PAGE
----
Communicating with Older Adults in an Emergency
To take action in an emergency, people need information they can understand. Officials who work in emergency planning must be aware of the needs and limitations of diverse populations, including older adults. Age-related limitations such as cognitive, hearing, and vision impairments can make it hard for some older adults to receive and understand health messages or emergency information. A person’s cultural background, language, and literacy level can also affect his or her ability to receive, understand, and act on information in an emergency at any age.
Keep in mind the needs of vulnerable populations such as older adults, people with sensory impairments, and people with limited English proficiency when creating and broadcasting emergency messages or instructions. Consider their trusted sources of information, such as a popular local radio or television program, or senior center director.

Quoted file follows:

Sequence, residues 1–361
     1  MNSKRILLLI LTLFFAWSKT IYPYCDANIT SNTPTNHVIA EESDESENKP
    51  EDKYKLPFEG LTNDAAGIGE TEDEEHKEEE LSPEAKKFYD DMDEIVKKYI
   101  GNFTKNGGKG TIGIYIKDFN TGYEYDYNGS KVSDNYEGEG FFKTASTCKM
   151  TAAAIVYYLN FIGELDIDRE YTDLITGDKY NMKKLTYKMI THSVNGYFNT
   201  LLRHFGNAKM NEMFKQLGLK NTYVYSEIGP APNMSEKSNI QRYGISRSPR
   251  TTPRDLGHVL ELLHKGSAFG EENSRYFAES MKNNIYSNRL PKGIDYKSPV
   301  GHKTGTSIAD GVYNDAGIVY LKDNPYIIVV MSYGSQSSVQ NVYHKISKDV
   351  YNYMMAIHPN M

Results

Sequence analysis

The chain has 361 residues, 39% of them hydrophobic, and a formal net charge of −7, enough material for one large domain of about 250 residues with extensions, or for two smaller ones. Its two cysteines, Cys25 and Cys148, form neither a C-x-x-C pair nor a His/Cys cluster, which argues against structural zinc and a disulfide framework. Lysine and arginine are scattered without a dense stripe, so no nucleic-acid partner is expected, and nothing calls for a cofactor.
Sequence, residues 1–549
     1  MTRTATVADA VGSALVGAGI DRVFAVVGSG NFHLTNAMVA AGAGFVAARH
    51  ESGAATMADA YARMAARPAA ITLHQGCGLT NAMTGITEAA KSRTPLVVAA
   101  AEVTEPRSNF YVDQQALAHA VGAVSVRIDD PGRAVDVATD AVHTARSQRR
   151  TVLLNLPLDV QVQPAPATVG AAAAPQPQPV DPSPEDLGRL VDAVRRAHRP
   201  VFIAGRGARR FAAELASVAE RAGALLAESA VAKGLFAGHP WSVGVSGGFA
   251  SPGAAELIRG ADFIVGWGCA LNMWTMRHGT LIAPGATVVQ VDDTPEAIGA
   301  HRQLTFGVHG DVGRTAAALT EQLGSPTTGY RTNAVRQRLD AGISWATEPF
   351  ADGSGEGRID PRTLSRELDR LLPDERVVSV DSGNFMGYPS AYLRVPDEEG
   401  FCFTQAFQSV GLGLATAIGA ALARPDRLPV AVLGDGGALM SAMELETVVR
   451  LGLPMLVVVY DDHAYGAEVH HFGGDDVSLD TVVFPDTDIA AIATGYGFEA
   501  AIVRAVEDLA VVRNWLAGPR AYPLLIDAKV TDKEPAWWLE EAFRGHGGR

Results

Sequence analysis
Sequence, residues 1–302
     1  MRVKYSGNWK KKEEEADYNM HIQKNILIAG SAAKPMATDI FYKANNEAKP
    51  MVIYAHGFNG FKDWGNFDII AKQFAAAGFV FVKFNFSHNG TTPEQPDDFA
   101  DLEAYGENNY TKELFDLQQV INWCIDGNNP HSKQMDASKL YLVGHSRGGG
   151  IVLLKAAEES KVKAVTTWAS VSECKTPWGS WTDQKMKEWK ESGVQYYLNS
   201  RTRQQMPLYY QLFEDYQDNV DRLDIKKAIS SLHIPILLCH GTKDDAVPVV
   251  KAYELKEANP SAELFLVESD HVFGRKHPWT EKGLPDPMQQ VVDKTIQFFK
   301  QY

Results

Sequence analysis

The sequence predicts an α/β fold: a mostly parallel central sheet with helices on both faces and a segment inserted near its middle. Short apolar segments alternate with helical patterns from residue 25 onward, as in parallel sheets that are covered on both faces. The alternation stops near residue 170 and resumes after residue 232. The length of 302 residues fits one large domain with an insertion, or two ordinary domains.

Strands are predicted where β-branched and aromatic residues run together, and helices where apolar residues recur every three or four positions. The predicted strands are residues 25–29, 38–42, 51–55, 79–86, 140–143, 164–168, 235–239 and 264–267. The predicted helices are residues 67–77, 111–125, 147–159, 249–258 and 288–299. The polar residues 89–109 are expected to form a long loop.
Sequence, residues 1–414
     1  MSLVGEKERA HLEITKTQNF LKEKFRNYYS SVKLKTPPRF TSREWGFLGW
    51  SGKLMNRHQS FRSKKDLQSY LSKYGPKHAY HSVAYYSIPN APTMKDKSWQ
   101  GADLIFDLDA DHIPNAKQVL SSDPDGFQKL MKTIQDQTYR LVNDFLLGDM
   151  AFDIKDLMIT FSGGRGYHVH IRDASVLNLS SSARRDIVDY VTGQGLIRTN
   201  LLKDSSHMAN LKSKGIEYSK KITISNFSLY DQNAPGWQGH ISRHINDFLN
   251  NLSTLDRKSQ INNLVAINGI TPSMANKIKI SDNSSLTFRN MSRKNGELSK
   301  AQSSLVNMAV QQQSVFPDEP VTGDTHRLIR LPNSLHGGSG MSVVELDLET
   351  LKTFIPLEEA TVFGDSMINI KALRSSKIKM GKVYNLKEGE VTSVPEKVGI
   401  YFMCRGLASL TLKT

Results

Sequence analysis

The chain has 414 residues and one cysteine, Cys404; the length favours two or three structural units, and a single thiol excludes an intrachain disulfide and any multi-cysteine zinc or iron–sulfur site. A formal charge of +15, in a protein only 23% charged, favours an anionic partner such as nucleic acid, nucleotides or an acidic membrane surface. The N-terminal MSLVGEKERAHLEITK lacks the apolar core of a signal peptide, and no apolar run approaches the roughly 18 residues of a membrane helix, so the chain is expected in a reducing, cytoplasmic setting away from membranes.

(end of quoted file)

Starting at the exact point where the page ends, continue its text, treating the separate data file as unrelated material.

At CDC’s Health Literacy Web site, you can find practical information, resources, and tools on how to develop materials for older adults.
For more complete information, visit the Communication & Messaging section of the Emergency Preparedness for Older Adults Web Portal on the CDC Healthy Aging Program Web site.
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